Battle of Providien

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Battle of Providien
Part of the American Revolutionary War
SouthIndia1794.jpeg
Detail of a 1794 map of south India and Ceylon.
Batticaloa is north of the southeastern point of Ceylon.
Date 12 April 1782
Location Bay of Bengal, off the east coast of Ceylon, south of Trincomalee
8°15′17.94″N 81°30′47.02″E / 8.2549833°N 81.5130611°E / 8.2549833; 81.5130611Coordinates: 8°15′17.94″N 81°30′47.02″E / 8.2549833°N 81.5130611°E / 8.2549833; 81.5130611
Result French tactical victory[1]
Belligerents
 Great Britain  France
Commanders and leaders
Sir Edward Hughes Bailli de Suffren
Strength
11 ships of the line 12 ships of the line
Casualties and losses
137 dead,
430 wounded,
2 ships heavily damaged[2]
225 dead or wounded[2]
3 ships heavily damaged[3]

The Battle of Providien was the second in a series of naval battles fought between a British fleet under Vice-Admiral Sir Edward Hughes and a French fleet under the Bailli de Suffren near India during the American Revolutionary War. The battle was fought on 12 April 1782 off the east coast of Ceylon, near a rocky islet called Providien, south of Trincomalee.

Background[edit]

France had entered the American Revolutionary War in 1778, and Britain declared war on the Dutch Republic in late 1780 after the Dutch refused to stop trading in military supplies with the French and the Americans. The British had rapidly gained control over most French and Dutch outposts in India when news of these events reached India, spawning the Second Anglo-Mysore War in the process.

The French admiral the Bailli de Suffren was dispatched on a mission to provide military assistance to French colonies in India, leading a fleet of five ships of the line, seven transports, and a corvette to escort the transports from Brest in March 1781. After a happenstance battle with a British fleet at Porto Praya in the Cape Verde Islands in April, and a stop at the Dutch-controlled Cape of Good Hope in October, where he left troops to assist the Dutch in defense of that colony and added some ships to his fleet, he sailed on to Île de France, arriving at Port Louis in December.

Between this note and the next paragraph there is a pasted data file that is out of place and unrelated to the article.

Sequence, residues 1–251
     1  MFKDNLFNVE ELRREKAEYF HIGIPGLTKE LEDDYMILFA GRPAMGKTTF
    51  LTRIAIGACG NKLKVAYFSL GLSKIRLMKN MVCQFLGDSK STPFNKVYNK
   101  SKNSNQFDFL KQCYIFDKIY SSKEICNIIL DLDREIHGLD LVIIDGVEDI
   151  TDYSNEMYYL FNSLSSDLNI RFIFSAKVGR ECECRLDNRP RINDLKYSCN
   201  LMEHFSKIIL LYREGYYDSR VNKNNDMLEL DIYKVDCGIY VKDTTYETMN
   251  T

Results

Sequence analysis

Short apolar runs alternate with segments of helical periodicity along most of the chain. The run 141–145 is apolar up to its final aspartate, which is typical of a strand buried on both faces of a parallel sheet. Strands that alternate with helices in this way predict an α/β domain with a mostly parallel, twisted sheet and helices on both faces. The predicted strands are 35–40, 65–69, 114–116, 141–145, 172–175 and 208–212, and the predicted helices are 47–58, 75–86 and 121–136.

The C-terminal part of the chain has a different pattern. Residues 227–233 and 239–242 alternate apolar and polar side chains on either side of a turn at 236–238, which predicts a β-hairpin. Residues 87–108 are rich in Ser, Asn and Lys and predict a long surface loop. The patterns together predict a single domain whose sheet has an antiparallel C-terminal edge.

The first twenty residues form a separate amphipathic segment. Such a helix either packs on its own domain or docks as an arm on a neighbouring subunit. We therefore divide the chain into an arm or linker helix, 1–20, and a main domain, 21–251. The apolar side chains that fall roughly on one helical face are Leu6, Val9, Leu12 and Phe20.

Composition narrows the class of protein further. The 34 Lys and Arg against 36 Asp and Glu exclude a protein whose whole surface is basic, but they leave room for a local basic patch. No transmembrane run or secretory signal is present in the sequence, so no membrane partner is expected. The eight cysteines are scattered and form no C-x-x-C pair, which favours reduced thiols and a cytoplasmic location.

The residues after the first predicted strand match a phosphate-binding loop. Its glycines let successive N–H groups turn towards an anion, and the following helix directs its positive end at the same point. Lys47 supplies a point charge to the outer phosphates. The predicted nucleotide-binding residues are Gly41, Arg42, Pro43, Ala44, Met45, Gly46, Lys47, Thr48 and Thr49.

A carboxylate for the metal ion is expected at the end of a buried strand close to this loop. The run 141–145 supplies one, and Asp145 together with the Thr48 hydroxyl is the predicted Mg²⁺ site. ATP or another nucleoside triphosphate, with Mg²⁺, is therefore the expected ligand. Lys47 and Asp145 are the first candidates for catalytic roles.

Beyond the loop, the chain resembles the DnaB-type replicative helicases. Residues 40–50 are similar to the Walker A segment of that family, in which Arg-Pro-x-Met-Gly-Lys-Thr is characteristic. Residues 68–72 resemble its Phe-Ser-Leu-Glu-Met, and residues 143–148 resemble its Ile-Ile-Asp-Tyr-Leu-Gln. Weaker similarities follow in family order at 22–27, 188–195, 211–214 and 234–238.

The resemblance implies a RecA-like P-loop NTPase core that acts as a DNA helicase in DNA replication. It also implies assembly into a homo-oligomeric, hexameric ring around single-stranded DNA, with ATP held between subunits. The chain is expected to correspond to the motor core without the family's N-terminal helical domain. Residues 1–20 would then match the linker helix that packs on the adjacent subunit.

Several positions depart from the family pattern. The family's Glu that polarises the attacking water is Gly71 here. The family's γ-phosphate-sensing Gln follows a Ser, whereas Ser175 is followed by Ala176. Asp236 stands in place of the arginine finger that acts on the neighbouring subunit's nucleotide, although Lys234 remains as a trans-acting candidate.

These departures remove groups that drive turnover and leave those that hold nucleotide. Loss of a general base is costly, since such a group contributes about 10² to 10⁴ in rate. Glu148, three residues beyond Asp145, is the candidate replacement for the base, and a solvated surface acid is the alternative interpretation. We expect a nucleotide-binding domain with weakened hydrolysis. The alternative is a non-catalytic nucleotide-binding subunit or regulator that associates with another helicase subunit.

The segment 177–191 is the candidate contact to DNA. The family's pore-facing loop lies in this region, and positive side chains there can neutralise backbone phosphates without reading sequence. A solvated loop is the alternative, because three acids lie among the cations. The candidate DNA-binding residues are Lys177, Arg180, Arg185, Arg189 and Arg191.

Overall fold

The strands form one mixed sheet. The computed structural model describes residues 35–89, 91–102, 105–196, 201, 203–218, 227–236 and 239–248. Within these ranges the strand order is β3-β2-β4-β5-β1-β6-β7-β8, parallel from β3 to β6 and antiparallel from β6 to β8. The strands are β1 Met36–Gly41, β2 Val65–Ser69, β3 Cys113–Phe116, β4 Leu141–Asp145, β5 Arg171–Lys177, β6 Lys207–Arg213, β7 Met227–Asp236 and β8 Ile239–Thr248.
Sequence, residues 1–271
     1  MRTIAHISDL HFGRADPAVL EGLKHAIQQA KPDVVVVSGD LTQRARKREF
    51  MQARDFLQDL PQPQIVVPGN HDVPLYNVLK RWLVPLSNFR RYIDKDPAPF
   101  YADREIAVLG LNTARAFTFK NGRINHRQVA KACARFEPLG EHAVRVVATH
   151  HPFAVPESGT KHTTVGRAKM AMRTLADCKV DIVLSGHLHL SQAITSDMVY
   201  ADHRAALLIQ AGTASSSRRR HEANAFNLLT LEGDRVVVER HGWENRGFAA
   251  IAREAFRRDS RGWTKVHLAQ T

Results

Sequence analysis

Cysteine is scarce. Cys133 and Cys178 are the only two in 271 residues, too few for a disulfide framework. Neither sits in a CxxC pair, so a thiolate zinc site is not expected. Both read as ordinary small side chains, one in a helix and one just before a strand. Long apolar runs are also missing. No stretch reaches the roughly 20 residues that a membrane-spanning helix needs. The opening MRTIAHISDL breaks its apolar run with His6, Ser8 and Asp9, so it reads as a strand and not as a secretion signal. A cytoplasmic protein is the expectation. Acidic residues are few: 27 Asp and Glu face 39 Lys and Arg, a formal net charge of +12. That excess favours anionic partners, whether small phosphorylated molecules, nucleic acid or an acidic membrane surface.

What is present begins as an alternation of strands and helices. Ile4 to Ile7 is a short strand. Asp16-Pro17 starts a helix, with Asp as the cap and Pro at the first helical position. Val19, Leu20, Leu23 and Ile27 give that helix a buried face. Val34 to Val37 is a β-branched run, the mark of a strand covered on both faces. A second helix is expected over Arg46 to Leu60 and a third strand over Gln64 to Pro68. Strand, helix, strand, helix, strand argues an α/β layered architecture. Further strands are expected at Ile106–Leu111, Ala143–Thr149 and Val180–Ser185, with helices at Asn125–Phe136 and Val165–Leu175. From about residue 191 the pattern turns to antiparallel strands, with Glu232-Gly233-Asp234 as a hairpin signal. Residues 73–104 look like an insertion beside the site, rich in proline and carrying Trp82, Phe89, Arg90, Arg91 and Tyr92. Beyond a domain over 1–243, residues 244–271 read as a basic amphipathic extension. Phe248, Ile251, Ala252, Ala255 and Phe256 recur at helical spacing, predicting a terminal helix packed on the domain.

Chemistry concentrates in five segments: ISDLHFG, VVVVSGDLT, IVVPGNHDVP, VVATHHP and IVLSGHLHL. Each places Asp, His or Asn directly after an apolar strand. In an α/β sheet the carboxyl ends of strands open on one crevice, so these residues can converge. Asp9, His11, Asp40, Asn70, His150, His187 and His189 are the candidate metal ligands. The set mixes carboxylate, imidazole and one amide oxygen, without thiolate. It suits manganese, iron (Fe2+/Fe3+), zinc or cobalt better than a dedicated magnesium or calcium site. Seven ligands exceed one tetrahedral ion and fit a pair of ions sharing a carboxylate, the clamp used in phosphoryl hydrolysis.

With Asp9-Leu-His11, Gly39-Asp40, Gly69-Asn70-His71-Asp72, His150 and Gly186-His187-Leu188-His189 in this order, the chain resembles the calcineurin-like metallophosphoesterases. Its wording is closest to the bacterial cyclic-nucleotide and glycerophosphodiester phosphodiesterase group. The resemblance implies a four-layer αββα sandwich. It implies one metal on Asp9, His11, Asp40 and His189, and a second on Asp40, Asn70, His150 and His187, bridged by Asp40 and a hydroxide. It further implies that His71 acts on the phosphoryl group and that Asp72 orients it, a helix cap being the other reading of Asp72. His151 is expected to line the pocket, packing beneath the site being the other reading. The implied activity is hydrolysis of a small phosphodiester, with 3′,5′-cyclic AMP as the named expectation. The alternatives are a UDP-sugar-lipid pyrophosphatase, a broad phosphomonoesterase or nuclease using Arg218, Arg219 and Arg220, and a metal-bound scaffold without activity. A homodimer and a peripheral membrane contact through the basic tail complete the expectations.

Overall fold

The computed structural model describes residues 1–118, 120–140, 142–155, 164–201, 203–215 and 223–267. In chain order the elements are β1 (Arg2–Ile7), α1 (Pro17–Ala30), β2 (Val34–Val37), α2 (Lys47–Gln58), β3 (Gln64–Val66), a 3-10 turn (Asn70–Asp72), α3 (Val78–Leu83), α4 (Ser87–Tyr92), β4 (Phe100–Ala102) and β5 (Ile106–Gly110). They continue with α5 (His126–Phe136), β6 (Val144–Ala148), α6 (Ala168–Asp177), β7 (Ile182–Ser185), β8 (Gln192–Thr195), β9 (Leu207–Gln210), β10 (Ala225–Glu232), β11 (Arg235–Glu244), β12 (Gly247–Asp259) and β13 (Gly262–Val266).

There the fleet, further enlarged by ships available there, sailed for India under the command of the elderly Admiral D'Estienne D'Orves, accompanying transports carrying nearly 3,000 men under the command of the Comte du Chemin. D'Orves died in February 1782, shortly before the fleet arrived off the Indian coast, and Suffren once again took command.

Suffren first sailed for Madras, hoping to surprise the British stronghold there. When he found the fleet of Sir Edward Hughes anchored there on 15 February 1782, he turned south with the intent of landing troops at Porto Novo, from where they could march up the coast, recapturing French and Dutch holdings on the way. Hughes raised anchor and sailed after Suffren. In the Battle of Sadras, both fleets suffered damage without loss of ships, but the French were able to safely land troops at Porto Novo to assist the Mysoreans. Suffren made repairs to his fleet at Pondicherry after that battle, and on 23 February sailed out to find Hughes, who had gone to Trincomalee for repairs.

On 8 April Hughes' fleet was spotted heading for Trincomalee. Suffren gave chase, but was unable to close for three days. Hughes had to change course on 12 April to continue toward Trincomalee, which gave Suffren the advantage of the wind.

Battle[edit]

The battle lines engaged at about 12:30. At first, some of Suffren's captains hung back, not immediately joining in the line (as had also happened at Sadras), but eventually ten of his twelve ships were engaged against the eleven British ships. Monmouth was the first ship to quit the British line after being dismasted, and Superb also suffered significant damage in the early rounds. Hughes was able to regain advantage by ordering his fleet to wear ship, and the battle began to turn against the French. Around 6 pm a storm arose, and the combatants, close to a lee shore, broke off the battle to attend to the risks the storm presented. Darkness from the storm and then nightfall precluded further battle that day.

Aftermath[edit]

The fleets had anchored near enough each other that Suffren again positioned for battle. Hughes, however, had a convoy to protect, and sailed for Trincomalee. Suffren sailed south and put in at Batticaloa, which was still under Dutch control, where he spent six weeks for repairs and resupply. There he received orders to sail to Île de France to escort another troop convoy. He chose to disregard this order, as the risk posed by Hughes to French operations required his full strength, and he could not trust his captains. The captains of Vengeur and Artésien, the two ships that stayed out of the action, were reported for their failure to obey orders, and his second-in-command was intriguing with some of the other captains against him.

The rival fleets[edit]

Notes[edit]

  1. ^ Castex (p. 315) calls this a French victory on account of more severe damage to Hughes' fleet. Mahan (p. 566) and Malleson (p. 26) do not explicitly designate a victor.
  2. ^ a b Castex (2004), pp. 315-19
  3. ^ Malleson, p. 26

References[edit]